This day was the eighth anniversary of the invasion of Iraq. It is the first of two days visitation for Andrew. And it is the first day of our military engagement in Libya. Pack 42 Cub Scouts were standing in our flagline in the early afternoon.
Also early-afternoon we fired more than 100 cruise missiles into Libya targeting early warning radar and communications facilities and air defense sites. Drudge ran the headline for the rest of the day: War No. 3.
Drudge followed his headline with two quotations:
MARCH 19, 2011
OBAMA: 'Today we are part of a broad coalition. We are answering the calls of a threatened people. And we are acting in the interests of the United States and the world'...
MARCH 19, 2003
BUSH: 'American and coalition forces are in the early stages of military operations to disarm Iraq, to free its people and to defend the world from grave danger'...
The world continues to be a dangerous place. As Lake Bluff Cub Scouts stood outside the funeral home that held Andrew’s remains, Secretary of State Clinton was saying, “America has unique capabilities and we will bring them" to help enforce UN Security Council Resolution 1973.
Andrew was part of those unique capabilities. The Mayor of Antioch, Lawrence M. Hanson visited. The State Representative for the Antioch area, JoAnn D. Osmond visited.
Then Pack 42 was relieved by Pack 190. The Governor of Illinois went inside to formally mourn an Illinois hero and then he came outside to congratulate the scouts, commenting that he was a Cub Scout too.
Many other things happened in that parking lot today. I will write about them later, and post other photos. Tomorrow is the second day of visitation, and Monday is the funeral and interment. There will be time for writing later. Now is the time for Andrew.
The Cubs did important work today. The Patriot Guard mission is to show respect for Andrew. That is done one way when adults are standing with flags. It is done another way when Cub Scouts are standing with flags. They both have great impact.
But the adults knew what they were doing before they did it. I think the Cub Scouts got as much as they gave.
Andrew was part of the Scout Platoon. I asked if there is one platoon in each company so designated. No. There is only one Scout Platoon in the whole battalion.
The 10th Mountain Division is a light infantry outfit. Take any one soldier from the 10th and give him a rifle, cartridges for his rifle, and a few MREs and you have a complete fighting unit. Traditionally light infantry provides a skirmish screen ahead of the main body of infantry, the calvary and the armor.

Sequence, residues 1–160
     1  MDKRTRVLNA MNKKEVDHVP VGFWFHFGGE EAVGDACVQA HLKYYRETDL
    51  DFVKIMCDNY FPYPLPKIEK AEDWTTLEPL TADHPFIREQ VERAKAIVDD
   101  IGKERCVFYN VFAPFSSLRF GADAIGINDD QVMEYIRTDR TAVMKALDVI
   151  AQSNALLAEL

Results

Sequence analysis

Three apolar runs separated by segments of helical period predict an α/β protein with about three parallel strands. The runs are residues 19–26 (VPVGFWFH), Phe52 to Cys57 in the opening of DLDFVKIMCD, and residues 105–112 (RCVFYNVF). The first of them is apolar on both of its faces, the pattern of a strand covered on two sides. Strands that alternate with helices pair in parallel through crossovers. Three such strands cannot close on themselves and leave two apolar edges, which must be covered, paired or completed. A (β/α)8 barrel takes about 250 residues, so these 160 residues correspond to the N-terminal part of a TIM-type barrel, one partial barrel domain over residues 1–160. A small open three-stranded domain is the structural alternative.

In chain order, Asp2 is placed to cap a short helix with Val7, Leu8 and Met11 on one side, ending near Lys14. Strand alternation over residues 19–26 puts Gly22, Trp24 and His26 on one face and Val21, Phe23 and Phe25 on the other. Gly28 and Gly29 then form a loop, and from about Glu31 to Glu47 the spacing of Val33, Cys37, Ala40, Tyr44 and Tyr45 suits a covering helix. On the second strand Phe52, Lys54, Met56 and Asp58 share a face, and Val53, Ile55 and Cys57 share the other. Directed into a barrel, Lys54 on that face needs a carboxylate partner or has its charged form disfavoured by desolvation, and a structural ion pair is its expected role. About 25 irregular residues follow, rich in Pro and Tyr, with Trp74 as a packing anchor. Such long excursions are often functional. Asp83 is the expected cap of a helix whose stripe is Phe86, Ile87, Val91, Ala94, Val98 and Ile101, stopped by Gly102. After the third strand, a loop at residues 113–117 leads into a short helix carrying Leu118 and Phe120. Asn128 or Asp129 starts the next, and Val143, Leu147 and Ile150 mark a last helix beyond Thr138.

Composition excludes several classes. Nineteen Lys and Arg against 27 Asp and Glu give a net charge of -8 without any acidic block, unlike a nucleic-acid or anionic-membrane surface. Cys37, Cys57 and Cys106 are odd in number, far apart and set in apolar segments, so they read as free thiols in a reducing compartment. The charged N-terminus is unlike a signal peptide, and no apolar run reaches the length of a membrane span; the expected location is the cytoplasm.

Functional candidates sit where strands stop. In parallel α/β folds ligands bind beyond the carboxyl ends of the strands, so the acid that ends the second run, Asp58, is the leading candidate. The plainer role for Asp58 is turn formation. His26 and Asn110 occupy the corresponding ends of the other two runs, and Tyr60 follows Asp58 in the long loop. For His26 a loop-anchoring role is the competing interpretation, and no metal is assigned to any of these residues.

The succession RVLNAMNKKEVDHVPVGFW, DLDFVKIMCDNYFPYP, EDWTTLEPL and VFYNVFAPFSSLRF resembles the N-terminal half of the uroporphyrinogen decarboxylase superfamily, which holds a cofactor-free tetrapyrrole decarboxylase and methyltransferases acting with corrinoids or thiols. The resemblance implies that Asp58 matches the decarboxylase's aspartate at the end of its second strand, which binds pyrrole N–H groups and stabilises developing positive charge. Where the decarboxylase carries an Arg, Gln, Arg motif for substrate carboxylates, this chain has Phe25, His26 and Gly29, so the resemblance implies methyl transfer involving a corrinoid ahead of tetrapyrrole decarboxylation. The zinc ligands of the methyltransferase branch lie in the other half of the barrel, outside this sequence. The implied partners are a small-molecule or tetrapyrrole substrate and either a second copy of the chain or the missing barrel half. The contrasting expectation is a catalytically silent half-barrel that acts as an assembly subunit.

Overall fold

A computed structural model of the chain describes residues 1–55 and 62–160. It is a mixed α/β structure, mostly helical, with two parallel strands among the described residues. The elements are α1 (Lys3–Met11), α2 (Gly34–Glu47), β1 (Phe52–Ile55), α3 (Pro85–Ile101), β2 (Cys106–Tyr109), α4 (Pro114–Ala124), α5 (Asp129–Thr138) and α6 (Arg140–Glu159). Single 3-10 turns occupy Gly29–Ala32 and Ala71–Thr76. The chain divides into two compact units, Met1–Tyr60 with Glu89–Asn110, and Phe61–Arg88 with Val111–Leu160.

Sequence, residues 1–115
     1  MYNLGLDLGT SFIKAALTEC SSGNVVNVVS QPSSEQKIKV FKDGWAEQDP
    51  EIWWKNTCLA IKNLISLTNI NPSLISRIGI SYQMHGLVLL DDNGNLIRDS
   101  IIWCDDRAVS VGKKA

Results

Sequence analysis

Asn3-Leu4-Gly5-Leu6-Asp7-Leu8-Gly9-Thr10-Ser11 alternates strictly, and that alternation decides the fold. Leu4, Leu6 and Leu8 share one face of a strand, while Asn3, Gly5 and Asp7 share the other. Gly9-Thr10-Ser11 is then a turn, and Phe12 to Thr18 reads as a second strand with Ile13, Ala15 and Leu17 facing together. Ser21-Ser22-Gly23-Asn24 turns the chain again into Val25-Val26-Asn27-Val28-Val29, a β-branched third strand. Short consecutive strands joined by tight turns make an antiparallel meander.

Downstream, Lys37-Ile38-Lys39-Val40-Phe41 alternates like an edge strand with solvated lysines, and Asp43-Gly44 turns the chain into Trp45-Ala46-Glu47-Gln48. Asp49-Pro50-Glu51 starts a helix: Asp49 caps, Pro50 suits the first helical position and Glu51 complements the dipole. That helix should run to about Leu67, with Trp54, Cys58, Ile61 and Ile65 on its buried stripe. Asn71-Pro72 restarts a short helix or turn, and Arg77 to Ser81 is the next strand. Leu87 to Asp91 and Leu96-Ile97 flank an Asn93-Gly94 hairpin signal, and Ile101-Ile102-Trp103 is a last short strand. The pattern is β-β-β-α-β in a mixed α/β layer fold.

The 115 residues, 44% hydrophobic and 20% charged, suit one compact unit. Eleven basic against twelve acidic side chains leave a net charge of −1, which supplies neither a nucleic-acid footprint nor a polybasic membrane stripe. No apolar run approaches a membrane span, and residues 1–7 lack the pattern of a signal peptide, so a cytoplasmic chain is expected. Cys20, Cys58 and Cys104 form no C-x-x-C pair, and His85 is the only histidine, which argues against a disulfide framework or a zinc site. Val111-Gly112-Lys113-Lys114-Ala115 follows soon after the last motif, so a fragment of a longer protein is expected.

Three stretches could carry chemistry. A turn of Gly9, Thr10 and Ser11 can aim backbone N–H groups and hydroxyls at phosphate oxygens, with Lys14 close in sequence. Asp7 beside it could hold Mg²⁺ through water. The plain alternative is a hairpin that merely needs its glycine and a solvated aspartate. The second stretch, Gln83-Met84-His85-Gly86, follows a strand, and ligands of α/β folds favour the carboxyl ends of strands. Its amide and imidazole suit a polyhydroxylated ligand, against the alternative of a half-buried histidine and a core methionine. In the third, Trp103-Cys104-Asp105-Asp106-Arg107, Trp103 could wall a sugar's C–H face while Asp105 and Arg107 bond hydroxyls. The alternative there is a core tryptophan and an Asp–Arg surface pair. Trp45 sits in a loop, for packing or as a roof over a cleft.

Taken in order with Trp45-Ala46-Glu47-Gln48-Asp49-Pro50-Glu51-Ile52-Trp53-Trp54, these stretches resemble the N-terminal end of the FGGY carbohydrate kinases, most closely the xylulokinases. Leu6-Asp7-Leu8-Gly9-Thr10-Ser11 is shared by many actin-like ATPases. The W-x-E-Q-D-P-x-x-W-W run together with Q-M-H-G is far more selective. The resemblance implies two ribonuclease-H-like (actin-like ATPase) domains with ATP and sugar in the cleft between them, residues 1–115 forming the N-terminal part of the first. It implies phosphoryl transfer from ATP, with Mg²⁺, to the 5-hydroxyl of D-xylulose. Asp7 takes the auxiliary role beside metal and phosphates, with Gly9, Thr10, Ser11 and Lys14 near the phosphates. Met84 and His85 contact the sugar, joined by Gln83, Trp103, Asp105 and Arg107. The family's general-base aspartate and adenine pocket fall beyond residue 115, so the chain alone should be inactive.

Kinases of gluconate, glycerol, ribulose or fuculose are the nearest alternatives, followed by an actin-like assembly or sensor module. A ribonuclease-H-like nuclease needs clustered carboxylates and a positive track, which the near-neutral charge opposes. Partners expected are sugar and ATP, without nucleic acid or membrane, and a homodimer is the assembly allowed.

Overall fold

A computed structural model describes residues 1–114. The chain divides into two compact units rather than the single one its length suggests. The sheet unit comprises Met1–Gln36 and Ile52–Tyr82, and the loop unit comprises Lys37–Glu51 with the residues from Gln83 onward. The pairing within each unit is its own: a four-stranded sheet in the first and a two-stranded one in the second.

And the Scout Platoons move at the head of the 10th.
The United States Army has giant machines and potent explosives but the essence of the army is the flesh and brains of capable individual patriots who put themselves in front of those machines and explosives. And still we expect them to use their rifles aggressively. They must overcome exhaustion and confusion to accomplish their mission in the noise and the dirt and the danger. Danger everywhere. We hope they will stay safe.
But staying safe is not the point. The mission is the point.
Two things will always be true: (1) We want our army to be powerful. We want an irresistibly lethal potential as the last resort of our Foreign Policy. And (2) the flesh of individual soldiers, like that of the Scout Platoon, will always be the spear’s tip of that magnificent, fearsome army.
And so they must train and train. Training helps, but training is no guarantee. Soldiers survive their dangerous work only by the grace of God. Andrew’s death can be blamed only on the enemy.
Andrew was one of our best soldiers. It is a sad reality that we put our very best soldiers at the spear’s tip.
This page is not yet finished.
Andrew’s page will be supplemented with additional comment and photography.
back to ALL MISSIONS
On April 15th in a Lake Bluff church basement, the PGR recognized a few of those Cub Scouts.